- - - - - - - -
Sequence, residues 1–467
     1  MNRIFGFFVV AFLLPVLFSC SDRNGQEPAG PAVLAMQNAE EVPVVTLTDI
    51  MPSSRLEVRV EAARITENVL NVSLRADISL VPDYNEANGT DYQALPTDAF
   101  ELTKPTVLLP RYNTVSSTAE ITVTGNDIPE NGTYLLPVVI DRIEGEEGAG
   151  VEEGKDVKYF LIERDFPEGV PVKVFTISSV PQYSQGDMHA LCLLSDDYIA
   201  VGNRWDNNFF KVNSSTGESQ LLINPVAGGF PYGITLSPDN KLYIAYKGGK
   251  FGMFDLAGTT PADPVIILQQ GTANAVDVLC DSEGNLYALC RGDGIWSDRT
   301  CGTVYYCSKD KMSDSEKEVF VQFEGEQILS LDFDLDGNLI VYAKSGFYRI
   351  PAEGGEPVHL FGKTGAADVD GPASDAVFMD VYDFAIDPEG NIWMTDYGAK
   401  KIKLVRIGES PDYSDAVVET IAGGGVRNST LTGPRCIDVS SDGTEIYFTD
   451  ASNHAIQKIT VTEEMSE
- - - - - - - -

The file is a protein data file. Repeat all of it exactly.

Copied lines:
Sequence, residues 1–467
     1  MNRIFGFFVV AFLLPVLFSC SDRNGQEPAG PAVLAMQNAE EVPVVTLTDI
    51  MPSSRLEVRV EAARITENVL NVSLRADISL VPDYNEANGT DYQALPTDAF
   101  ELTKPTVLLP RYNTVSSTAE ITVTGNDIPE NGTYLLPVVI DRIEGEEGAG
   151  VEEGKDVKYF LIERDFPEGV PVKVFTISSV PQYSQGDMHA LCLLSDDYIA
   201  VGNRWDNNFF KVNSSTGESQ LLINPVAGGF PYGITLSPDN KLYIAYKGGK
   251  FGMFDLAGTT PADPVIILQQ GTANAVDVLC DSEGNLYALC RGDGIWSDRT
   301  CGTVYYCSKD KMSDSEKEVF VQFEGEQILS LDFDLDGNLI VYAKSGFYRI
   351  PAEGGEPVHL FGKTGAADVD GPASDAVFMD VYDFAIDPEG NIWMTDYGAK
   401  KIKLVRIGES PDYSDAVVET IAGGGVRNST LTGPRCIDVS SDGTEIYFTD
   451  ASNHAIQKIT VTEEMSE